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    Luigi Trillo Allein Maliksi Meralco
    Luigi Trillo and Allein Maliksi go a long way back.
    PHOTO: Jerome Ascaño

    MERALCO may have somehow been in unfamiliar territory when Luigi Trillo stood in as head coach in place of Norman Black, but one Bolts player was used to the setup in the past.

    Allein Maliksi welcomed the momentary promotion of Trillo, the coach who gave the Bolts gunner one of his biggest breaks as an amateur with Cebuana Lhuillier in the PBA D-League.

    Allein Maliksi on Luigi Trillo

    “Medyo matagal ko na nakasama si coach Luigi,” Maliksi said during his recent Spin Zoom In appearance. “Siya yung nagbigay sa akin ng opportunity before ako magpa-draft.”

    Making the most of the Trillo’s trust and substantial playing time, Maliksi emerged as the D-League’s first-ever MVP in the 2011 Foundation Cup where he led the Gems to the finals before losing to NLEX.

    “It gave me more value nung nagpa-draft ako. Yun yung pinaka-big break ko noon, kasi when I was in college, talagang injured tapos one year lang in the UAAP,” said the former University of Santo Tomas star and No. 8 overall pick in the 2011 PBA Draft.


    Now on his 11th year in the league, Maliksi got to play again under Trillo, the longtime deputy who took over while Black went to the US for almost a month to attend to her ailing mother until her passing.

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    “Sabi niya sa amin, pasensya na kasi ang tagal na niya hindi nag-coach, so hindi na siya ganun ka-sanay o sharp in terms of decision-making or pag ano niya sa huddle,” Maliksi said of Trillo. “Pero for me, he’s okay. Ang tagal ng coach niyan eh. In Alaska, how many championships has he won?”

    Trillo was named 2013 PBA Press Corps Coach of the Year after leading Alaska to the Commissioner’s Cup title that year. The 47-year-old coach has four more championships as an Aces assistant to Tim Cone.

    Since his D-League stint, Maliksi has carved out a name as one of the PBA's top shooters, now working on his defense and playmaking to help the Bolts win their first-ever league title. Throughout it all, Trillo has always been there.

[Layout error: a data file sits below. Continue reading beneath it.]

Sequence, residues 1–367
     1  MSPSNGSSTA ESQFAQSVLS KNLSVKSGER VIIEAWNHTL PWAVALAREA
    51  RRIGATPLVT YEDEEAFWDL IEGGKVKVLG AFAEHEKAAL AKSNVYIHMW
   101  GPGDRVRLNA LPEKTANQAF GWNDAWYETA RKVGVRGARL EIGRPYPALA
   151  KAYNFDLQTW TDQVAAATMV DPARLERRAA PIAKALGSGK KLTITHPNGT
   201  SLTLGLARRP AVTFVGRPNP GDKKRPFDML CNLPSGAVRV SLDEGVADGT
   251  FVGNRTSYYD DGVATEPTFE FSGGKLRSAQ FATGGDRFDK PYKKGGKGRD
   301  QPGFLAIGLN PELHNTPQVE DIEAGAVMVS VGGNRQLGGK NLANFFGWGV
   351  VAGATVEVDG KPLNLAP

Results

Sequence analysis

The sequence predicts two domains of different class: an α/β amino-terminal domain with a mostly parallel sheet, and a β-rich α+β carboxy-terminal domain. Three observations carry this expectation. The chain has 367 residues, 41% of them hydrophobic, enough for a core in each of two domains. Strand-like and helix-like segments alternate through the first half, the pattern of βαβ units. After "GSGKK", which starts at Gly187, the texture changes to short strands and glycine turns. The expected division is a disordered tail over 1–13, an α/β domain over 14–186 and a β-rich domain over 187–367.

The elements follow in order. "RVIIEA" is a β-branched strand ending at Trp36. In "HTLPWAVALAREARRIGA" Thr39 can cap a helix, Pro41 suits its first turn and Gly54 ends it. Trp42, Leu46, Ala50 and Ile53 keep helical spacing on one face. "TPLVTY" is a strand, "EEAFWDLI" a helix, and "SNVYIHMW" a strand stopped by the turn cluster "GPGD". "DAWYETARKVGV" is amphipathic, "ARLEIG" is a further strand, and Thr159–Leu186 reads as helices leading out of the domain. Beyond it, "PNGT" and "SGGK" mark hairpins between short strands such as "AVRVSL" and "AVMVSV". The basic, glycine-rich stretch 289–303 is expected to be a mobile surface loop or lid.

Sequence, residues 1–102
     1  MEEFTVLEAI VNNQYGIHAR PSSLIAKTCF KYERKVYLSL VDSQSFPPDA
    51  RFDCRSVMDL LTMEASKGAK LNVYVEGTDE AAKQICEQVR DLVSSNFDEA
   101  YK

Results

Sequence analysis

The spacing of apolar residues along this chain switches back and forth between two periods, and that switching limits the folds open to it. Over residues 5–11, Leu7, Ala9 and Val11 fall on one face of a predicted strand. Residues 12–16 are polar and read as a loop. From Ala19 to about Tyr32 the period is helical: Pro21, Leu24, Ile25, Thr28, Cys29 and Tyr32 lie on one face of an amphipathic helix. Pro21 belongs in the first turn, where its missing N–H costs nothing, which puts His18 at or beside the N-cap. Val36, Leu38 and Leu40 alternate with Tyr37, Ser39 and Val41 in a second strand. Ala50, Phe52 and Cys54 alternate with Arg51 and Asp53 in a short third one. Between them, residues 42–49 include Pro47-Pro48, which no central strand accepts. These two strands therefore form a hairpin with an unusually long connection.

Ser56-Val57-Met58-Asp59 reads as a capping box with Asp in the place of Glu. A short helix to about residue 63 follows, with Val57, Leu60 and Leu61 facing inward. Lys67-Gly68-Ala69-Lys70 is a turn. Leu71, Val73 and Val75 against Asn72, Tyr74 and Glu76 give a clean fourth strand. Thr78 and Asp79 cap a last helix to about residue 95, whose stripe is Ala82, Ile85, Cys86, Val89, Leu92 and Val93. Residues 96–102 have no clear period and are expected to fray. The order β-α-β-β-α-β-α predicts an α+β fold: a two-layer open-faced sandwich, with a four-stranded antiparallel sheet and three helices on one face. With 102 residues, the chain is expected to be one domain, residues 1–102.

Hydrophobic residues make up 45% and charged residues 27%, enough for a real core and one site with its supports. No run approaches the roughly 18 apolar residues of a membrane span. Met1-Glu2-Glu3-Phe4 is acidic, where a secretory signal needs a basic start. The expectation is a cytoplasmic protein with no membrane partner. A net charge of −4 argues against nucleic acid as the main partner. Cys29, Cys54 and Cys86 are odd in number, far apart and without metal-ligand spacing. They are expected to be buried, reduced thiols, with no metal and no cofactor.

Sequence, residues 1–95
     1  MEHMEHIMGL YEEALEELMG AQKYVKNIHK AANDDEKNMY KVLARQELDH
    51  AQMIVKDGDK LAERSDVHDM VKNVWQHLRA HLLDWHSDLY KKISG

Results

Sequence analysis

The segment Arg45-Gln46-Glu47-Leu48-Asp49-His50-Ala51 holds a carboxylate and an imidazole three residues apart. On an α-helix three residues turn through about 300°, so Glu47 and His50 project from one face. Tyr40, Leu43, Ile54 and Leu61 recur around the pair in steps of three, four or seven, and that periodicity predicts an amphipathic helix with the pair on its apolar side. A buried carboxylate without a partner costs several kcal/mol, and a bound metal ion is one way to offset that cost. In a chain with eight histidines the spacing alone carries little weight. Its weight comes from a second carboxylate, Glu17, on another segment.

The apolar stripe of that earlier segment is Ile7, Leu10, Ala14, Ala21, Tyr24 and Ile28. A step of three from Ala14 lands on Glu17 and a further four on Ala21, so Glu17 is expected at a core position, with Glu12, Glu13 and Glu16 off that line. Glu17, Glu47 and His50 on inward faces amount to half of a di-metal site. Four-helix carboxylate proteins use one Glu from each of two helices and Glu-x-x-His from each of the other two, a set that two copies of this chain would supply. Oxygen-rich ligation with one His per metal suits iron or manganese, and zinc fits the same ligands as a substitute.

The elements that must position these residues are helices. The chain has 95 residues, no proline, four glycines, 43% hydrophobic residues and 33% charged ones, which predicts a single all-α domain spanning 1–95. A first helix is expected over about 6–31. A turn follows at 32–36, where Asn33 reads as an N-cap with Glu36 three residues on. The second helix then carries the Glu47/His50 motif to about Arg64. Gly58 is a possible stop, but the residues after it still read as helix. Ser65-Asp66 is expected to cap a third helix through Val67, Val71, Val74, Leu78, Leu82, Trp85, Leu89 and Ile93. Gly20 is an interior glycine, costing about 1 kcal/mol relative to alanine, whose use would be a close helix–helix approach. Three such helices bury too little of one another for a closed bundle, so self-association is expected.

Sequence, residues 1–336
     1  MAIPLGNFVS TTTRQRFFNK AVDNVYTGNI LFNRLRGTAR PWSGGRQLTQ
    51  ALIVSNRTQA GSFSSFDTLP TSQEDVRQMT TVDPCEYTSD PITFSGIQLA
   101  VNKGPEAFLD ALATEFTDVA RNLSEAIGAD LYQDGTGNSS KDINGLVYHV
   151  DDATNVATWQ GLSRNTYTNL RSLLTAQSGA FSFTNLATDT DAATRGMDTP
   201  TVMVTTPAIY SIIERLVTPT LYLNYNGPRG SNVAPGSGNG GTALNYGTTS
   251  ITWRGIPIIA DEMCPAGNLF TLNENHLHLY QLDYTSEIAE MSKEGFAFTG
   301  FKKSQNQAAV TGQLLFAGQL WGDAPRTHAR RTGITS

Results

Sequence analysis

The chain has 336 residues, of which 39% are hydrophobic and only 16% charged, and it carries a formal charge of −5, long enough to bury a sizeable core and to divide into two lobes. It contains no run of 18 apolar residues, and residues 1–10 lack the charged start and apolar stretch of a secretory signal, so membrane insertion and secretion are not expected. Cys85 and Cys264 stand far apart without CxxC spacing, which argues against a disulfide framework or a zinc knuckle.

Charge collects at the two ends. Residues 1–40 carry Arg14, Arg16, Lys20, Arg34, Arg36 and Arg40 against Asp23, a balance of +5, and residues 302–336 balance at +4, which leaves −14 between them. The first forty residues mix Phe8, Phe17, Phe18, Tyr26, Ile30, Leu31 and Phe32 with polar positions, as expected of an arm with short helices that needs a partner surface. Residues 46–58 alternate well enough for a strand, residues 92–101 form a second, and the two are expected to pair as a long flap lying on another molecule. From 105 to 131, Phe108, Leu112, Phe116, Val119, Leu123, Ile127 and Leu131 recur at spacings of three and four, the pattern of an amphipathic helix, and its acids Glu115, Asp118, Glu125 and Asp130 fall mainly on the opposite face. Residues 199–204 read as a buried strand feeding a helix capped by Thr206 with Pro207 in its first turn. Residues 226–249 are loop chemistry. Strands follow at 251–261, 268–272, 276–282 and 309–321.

“Lagi niya ako binibigyan ng tips, advice kapag may tingin siya na paano ko pa ma-improve yung in terms of my game,” Maliksi said.

    “Kapag may mga mali ako nagagawa, talagang siya yung first critic,” he added. “Minsan nagdi-disagree ako sa kanya, pero later on, mare-realize ko, ‘Onga no, may point naman.’ I always appreciate his concern.”


      Trillo reminded everyone about his capability after leading the Bolts to a 6-3 record while Black was away, putting a fresh approach to their team’s game that led to finally exorcising the Ginebra ghost in the Philippine Cup quarterfinals.

      “Lahat naman nabibigyan niya ng opportunity eh,” Maliksi said. “Kung sino yung nakikita niya yung maganda yung game, yun yung binabalik niya ng binabalik.”

      “So I think he’s a fair coach,” he added. “Talagang bibigyan ka niya ng chance. And if you play well, you’ll stay in the game.”

      With Black back at the helm in the semifinals against San Miguel, Trillo has retreated to his original role as assistant coach, but expect him to deliver when the time comes again.


      Maliksi does.

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      Luigi Trillo and Allein Maliksi go a long way back.
      PHOTO: Jerome Ascaño
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